LePlan GT winery

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LePlan-Vermeersch

Founded in the year 2000, Maison LePlan-Vermeersch is a family winery of 24 hectares at Suze la Rousse in Southern Rhone Valley with a brand new modern building of 2.400m², build in 2010, with thermo regulated steel tanks.
“Le Plan” is the name of area in Tulette where the first vineyards of 1.78 ha was planted with Carignan grape variety in 1961. “Vermeersch” is the family name of the owners, originally from Bruges in Flanders / Belgium.

Le Grand Bois

Our actually vineyards of 24ha are now situated in the “Le Grand Bois” area at Suze la Rousse, in Côtes du Rhône Villages appellation.

Suze-la-Rousse

The little village in the Drôme Provençale host of the famous “University of Wine” in a castle build in the 17th century.

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  • Ann Vermeersch and Dirk Vermeersch making wine in suze la rousse
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  • Sebastien Barbara winemaker
  • Wine making in Suze la Rousse
  • Wine making in Suze la Rousse
  • Wine making in France
  • Wine making in France
  • Wine making in France

LePlan Winegrowing: respect for natureplan de vigne des côtes du rhône

Dirk Vermeersch does nothing half way. “Mr 100%”, to those who know him well, threw himself into researching and comparing the various viticultural and vinification methods. He aims for ideal compromise by finding the perfect association between modern techniques and more traditional and organic ones.

In fact, perfectionism is an inescapable character trait in any champion rally and racing driver. Not happy with simply “making wine”, Dirk deeply respects nature as the source of what we eat and drink, and humans, who couldn’t live without it.

Vineyards are cared for organically to ensure their health and future. At on average 40 years old, the vines already produce concentrated fruit at low yields (average 25 hl/ha), which is further concentrated by removing buds and thinning out leaves and clusters. Hand harvesting occurs as grapes achieve perfect ripeness.

LePlan Winemaking:
the best of tradition and technology

where10Once in the cellar, they dedicate themselves to turning the fruit into its most authentic expression as a wine. Sometimes grapes are trodden by foot for better colour extraction and gentler tannins.

Traditional fermentation in temperature-controlled, stainless steel vats allow Ann and Seb to either bring out the fruit or develop structure and aromatic complexity. The cap is hand-plunged 2 times daily. Wines are pressed with a hydraulic press, to taste and check progress at any moment. Malolactic fermentation in oak barrels softens the wines’ acidity and increases its complexity.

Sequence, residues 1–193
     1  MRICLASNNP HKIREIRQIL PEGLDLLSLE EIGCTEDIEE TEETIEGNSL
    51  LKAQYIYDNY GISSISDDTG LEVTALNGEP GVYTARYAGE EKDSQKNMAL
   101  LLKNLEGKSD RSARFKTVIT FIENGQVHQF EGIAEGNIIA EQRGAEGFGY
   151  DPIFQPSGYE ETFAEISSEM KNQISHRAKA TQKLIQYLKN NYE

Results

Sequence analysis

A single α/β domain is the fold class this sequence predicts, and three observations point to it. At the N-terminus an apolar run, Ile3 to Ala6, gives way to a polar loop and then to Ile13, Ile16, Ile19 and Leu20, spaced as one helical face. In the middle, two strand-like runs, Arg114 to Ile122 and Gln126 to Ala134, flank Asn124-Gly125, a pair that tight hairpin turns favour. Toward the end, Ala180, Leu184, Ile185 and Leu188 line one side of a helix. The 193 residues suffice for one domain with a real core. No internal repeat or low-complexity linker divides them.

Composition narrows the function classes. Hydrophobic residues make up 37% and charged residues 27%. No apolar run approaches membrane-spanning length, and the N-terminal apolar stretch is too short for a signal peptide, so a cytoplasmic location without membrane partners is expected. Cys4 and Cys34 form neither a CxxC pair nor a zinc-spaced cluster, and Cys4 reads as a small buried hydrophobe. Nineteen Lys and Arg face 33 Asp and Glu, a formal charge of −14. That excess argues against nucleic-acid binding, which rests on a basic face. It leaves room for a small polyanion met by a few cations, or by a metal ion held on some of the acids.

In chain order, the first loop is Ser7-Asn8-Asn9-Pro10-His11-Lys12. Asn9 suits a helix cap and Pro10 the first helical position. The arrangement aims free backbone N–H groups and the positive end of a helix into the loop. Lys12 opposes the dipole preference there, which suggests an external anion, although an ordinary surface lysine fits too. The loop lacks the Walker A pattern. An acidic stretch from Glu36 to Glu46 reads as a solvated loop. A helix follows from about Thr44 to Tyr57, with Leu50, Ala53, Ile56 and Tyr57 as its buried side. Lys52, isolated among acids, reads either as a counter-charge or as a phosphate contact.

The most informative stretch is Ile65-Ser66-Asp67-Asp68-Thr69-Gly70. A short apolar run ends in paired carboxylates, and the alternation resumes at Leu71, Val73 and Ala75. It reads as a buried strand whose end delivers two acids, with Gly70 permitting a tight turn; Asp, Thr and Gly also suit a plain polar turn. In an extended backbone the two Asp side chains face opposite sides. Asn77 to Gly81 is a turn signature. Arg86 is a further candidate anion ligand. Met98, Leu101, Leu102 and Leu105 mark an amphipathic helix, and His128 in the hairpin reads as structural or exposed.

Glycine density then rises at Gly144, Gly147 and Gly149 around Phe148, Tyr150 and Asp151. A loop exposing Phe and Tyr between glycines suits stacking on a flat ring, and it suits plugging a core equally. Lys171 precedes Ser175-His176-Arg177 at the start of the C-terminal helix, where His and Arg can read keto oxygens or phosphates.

The wines are then aged in a mix of French and American barrels for 12 months.

The Rhone Valley

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The Rhone Valley is without a doubt the oldest viticultural region in France, and certainly the one with the most diversity: from single variety Côte-Rotie, made with Syrah, to 13-grape Châteauneuf-du-Pape blends, from white Condrieu to Tavel’s rosé, from hearty Hermitage to fruity Côtes du Rhône, from sweet Beaumes-de-Venise to sparkling Clairette de Die, from some of the most expensive and sought after wines in the world such as “La Turque” to best value from a “Vin de Pays de la Méditerranée”, the Rhone Valley has it all.

Rhone wines were at one time used to add character to and fill out Burgundy (with Châteauneuf-du-Pape) and Bordeaux (with Hermitage) wines. This practice became most prevalent in the 1800s, which puts a slightly different light on the famous 1855 classification!
Today Rhone Valley wines are most well known for their excellent value.

Key dates

600 B.C. The Phoceans from Greece founded Marseille (Massalia) and started the first vineyards in the Rhone Valley. They introduced the Syrah variety to the village of Vienne, where it remains to this day the dominant variety throughout the entire northern Rhone Valley red wines.

1st Century During the 1st Century B.C., the Romans created several colonies, often in existing townships such as Orange, Vaison-la-Romaine or Vienne, and inhabited by retired legionaries. Rhone Valley wines had such a good reputation that they were exported to the Caesar in Rome. According to the well known Roman writer Pliny, the Romans taught the Gaul’s how to cultivate the earth, fortify their cities, prune their vines and plant the olive tree. He expounded on a wine from the “City of Die”, considering it the best in the Empire.